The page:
The Type II superluminous SN 2008es at late times: Near-infrared excess and circumstellar interaction

Kornpob Bhirombhakdi, Ryan Chornock, Adam A. Miller, Alexei V. Filippenko, S. Bradley Cenko, Nathan Smith

Research output: Contribution to journalArticle

1 Scopus citations

Abstract

SN 2008es is one of the rare cases of a Type II superluminous supernova (SLSN), showing no narrow features in its early-time spectra, and therefore, its powering mechanism is under debate between circumstellar interaction (CSI) and magnetar spin-down. Late-time data are required for better constraints. We present optical and near-infrared (NIR) photometry obtained from Gemini, Keck, and Palomar Observatories from 192 to 554 d after explosion. Only broad H α emission is detected in a Gemini spectrum at 288 d. The line profile exhibits red-wing attenuation relative to the early-time spectrum. In addition to the cooling SN photosphere, an NIR excess with blackbody temperature ∼1500 K and radius ∼1016 cm is observed. This evidence supports dust condensation in the cool dense shell being responsible for the spectral evolution and NIR excess. We favour CSI, with ∼2–3 M☉ of circumstellar material (CSM) and ∼10–20 M☉ of ejecta, as the powering mechanism, which still dominates at our late-time epochs. Both models of uniform density and steady wind fit the data equally well, with an effective CSM radius ∼1015 cm, supporting the efficient conversion of shock energy to radiation by CSI. A low amount (≲0.4 M☉) of 56Ni is possible but cannot be verified yet, since the light curve is dominated by CSI. The magnetar spin-down powering mechanism cannot be ruled out, but is less favoured because it overpredicts the late-time fluxes and may be inconsistent with the presence of dust.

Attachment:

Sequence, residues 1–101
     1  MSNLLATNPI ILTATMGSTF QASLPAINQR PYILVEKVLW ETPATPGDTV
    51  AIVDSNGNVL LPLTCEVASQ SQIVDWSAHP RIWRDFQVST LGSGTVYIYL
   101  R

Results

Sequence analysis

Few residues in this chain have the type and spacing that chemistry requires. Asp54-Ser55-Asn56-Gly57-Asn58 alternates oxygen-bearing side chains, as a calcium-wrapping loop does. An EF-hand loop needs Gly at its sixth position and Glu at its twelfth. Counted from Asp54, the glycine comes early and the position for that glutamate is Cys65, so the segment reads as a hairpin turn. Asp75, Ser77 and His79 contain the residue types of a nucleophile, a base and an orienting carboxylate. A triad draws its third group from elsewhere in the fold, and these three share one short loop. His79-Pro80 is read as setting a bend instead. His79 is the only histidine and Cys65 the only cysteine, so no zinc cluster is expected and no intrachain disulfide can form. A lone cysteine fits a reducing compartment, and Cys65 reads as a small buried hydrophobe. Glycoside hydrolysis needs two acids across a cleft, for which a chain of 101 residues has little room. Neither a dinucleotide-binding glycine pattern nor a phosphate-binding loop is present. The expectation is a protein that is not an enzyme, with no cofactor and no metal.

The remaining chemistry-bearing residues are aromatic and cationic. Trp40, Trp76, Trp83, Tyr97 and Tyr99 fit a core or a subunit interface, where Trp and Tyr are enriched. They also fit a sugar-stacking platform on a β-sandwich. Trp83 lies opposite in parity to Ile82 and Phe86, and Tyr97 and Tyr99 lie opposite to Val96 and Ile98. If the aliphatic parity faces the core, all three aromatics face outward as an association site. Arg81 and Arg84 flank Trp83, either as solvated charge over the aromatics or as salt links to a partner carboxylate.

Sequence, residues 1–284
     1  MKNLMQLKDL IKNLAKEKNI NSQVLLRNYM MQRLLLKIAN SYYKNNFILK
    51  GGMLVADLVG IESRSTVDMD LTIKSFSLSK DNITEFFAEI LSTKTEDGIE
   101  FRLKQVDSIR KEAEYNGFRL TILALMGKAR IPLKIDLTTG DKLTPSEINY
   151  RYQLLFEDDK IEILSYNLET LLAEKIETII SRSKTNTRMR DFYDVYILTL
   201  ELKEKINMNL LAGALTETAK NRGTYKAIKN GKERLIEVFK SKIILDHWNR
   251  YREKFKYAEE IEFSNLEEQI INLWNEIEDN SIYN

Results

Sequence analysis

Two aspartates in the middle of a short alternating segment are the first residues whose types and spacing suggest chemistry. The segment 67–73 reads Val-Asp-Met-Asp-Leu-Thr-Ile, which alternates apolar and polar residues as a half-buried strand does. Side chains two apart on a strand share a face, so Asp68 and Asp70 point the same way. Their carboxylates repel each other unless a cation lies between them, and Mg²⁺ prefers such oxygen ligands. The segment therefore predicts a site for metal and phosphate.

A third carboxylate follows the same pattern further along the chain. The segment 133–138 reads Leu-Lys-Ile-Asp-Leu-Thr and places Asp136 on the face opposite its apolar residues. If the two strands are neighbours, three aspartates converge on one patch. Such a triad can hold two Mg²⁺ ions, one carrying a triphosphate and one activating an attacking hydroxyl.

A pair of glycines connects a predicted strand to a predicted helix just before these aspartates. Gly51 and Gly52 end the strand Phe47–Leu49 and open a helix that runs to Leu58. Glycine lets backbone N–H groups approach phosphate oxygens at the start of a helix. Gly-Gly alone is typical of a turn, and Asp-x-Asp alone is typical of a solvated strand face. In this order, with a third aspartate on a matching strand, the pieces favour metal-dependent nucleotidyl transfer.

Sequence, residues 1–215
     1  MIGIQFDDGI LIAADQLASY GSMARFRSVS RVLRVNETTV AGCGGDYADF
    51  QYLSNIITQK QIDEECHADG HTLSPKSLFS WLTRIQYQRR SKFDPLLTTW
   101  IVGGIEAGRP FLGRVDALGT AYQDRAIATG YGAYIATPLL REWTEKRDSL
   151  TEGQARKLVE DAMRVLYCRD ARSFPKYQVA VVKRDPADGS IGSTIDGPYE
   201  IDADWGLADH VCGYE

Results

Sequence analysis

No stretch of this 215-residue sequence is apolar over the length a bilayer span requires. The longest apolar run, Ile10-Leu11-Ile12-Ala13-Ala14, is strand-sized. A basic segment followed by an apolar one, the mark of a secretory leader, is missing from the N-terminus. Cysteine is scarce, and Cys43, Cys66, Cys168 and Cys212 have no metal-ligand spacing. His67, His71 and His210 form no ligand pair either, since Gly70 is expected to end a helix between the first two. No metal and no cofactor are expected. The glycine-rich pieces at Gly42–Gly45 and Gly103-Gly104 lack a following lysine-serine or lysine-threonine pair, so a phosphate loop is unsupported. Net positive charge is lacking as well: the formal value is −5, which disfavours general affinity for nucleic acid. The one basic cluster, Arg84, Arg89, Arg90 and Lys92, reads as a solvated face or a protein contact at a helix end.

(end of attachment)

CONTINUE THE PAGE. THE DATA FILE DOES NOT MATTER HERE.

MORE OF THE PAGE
Original languageEnglish (US)
Pages (from-to)3783-3793
Number of pages11
JournalMonthly Notices of the Royal Astronomical Society
Volume488
Issue number3
DOIs
StatePublished - 2019

Keywords

  • Circumstellar matter
  • Supernovae: individual (SN 2008es)

ASJC Scopus subject areas

  • Astronomy and Astrophysics
  • Space and Planetary Science

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